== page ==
Employee Spotlight: Steven Shelley
Dr. Shelley, Ph.D, RPA joined QRI as our Senior Archeologist in January of 2014 to support the USACE, Tulsa District IDIQ ECS contract at Fort Bliss. He also supports QRI’s GSA Environmental BPA for Region 7 by reviewing archeological and historical reports. Dr. Shelley is an Archaeologist with 35+ years of experience. He has 14 years’ experience in Southwestern United States, 12 years’ experience in southern California, 5 years’ experience in Texas and Oklahoma, and experience in the Great Basin, Alaska and Southern United States. Mr. Shelley is a trained and published geoarchaeologist, a trained and published lithic analyst, and trained and published faunal analyst. His is proficient in dating techniques, pollen and phytolith collection and interpretation, and GIS (ArcGIS and IDRISI) and database development. In addition to archaeological training, Dr. Shelley also has training and experience in HABS documentation, having conducted and written several HABS projects, including a documentation and evaluation of 120 WWII Mobilization buildings at Fort Polk, LA that the National Park Service used as the template to develop the HABS documentation standards that are in use today.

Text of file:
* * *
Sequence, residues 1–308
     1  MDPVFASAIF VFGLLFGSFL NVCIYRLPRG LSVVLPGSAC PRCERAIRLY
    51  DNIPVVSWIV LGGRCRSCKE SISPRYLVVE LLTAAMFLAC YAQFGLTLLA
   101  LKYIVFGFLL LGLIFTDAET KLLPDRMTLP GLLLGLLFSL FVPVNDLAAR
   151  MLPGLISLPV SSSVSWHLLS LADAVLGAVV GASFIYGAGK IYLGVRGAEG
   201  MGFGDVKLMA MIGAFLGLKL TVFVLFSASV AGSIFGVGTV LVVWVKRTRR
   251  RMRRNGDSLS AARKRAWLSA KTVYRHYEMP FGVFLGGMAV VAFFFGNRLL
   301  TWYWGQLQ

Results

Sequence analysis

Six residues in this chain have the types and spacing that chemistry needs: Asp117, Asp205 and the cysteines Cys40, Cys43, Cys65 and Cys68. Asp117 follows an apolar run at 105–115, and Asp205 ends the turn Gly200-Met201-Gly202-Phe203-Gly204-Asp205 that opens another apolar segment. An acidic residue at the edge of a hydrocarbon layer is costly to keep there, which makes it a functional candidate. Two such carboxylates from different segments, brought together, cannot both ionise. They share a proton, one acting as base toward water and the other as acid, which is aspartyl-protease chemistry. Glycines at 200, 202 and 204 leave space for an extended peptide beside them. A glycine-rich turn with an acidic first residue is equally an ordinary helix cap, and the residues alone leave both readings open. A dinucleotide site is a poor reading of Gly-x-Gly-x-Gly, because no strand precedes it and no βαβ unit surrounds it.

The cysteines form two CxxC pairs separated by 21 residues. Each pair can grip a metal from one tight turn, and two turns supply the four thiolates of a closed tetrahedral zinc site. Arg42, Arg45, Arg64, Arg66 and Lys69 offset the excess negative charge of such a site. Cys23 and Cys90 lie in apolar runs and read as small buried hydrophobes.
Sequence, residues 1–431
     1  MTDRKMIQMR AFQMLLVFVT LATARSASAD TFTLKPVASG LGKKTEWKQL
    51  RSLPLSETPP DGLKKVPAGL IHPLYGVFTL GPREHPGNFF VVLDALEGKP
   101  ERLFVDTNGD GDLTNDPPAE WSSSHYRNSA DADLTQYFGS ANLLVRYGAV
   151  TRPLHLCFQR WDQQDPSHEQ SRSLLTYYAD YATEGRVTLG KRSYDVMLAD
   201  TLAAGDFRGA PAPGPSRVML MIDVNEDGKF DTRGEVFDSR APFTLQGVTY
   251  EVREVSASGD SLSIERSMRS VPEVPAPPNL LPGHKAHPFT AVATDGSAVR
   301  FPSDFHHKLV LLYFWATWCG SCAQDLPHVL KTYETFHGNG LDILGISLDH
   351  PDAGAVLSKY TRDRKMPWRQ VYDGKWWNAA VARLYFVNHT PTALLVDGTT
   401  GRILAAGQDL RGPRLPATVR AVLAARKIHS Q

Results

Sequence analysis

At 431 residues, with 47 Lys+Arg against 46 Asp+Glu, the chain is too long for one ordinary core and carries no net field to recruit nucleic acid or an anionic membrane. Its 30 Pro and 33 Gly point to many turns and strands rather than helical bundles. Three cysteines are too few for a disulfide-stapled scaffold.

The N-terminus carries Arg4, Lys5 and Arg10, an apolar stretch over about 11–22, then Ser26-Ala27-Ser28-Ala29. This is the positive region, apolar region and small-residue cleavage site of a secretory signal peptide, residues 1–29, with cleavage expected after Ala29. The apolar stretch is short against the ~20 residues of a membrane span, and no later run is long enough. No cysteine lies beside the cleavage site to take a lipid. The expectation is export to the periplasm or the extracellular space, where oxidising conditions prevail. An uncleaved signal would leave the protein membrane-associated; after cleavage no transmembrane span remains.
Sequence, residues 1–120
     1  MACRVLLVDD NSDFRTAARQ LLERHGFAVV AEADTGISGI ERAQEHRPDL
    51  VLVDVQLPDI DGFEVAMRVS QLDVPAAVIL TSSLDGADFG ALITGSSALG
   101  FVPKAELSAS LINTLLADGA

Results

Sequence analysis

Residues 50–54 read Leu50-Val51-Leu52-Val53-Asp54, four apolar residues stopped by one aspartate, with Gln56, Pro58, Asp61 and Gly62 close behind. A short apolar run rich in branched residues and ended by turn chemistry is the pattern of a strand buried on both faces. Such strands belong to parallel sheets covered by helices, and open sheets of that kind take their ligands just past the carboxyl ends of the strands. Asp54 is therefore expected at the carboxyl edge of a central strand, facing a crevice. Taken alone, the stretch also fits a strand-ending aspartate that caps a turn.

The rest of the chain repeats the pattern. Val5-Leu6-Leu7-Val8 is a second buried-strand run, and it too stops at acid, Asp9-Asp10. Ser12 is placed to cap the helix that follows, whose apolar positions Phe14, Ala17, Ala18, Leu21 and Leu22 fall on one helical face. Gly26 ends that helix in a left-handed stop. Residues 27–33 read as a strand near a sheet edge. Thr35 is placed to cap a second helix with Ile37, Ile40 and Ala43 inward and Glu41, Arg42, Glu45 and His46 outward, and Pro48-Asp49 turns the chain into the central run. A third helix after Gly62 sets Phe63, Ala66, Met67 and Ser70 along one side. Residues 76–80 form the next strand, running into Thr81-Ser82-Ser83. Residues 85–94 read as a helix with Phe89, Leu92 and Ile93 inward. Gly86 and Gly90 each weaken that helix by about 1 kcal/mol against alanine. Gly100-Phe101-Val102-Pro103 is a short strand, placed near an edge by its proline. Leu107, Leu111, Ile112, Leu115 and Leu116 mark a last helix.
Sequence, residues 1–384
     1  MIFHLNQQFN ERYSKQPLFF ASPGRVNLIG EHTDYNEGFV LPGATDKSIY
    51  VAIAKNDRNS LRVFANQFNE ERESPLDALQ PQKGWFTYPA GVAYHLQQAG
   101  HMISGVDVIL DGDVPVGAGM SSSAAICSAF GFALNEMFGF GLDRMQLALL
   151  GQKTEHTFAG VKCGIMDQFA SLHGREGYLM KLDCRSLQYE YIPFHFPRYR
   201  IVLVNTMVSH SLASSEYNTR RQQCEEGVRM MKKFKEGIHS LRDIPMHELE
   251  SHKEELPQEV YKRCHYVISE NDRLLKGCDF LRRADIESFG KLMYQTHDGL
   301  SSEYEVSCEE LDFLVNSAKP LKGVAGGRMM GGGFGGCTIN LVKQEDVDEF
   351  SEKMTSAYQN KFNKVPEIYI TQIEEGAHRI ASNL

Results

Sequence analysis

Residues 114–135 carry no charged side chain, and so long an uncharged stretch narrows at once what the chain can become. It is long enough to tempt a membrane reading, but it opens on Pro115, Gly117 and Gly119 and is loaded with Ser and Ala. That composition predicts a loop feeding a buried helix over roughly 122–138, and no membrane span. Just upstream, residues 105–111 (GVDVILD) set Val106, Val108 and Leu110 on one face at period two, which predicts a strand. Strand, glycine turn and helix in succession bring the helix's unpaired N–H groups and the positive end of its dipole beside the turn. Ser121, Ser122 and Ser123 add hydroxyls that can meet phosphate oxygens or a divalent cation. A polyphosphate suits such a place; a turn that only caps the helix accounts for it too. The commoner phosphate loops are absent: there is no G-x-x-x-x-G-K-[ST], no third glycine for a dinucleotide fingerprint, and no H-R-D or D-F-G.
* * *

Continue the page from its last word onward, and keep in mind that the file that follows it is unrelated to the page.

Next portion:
How did you get into your profession?
In High School I read a book on Howard Carter’s excavation of King Tutankhamun’s tomb and decided that’s what I wanted to do. In practice I spent 4 years at University of Arizona getting a BA, 3 years at LSU getting an MA and 10 years at Washington State getting a Ph.D.
Describe a favorite project you’ve worked on?
That would be the Lower Verde Archaeological Project, on the lower Verde River northeast of Phoenix. The research was a continuation of the work we did on the Salado culture in the adjacent Tonto Valley. It centered on the cultural changes from the pre-Classic Hohokam to the Classic period. Much of the work was centered on agricultural production and social change. A close second was the soil mapping project QRI did for Fort Bliss the last two years. This project was Big Data and it was intellectually challenging.
What is your favorite thing about working at QRI?
In all honesty I think it is the people I work with.
What is something people might not know about you?
I am also the only person I know that has removed the over-the-wing-door on a jet plane and evacuated the passengers. I was also on a DC-10 that caught fire in flight going into Chicago (and I was the only passenger that knew that it happened).
What do you enjoy outside of work?
This may sound trite but I enjoy life. I like to read history, follow politics, spend time with my family, play wargames and simulations, conduct scientific experiments, flintknap, fix things around the house, watch nature documentaries, read and watch science fiction and historical fiction, read and watch things on bigfoot (Most of the time I think it’s a real creature, I have seen many of the casts of footprints and some are hard to dismiss as fakes. Still sometimes my scientific skepticism still makes me doubt since we don’t have a body. I have to put my fingers in the holes in its hands before I will fully believe – if you get the biblical reference). Oh, and I like to observe both living creatures and natural phenomena. The marvel of the universe from the smallest thing to the cosmos still leaves me in awe when I have the time to ponder it.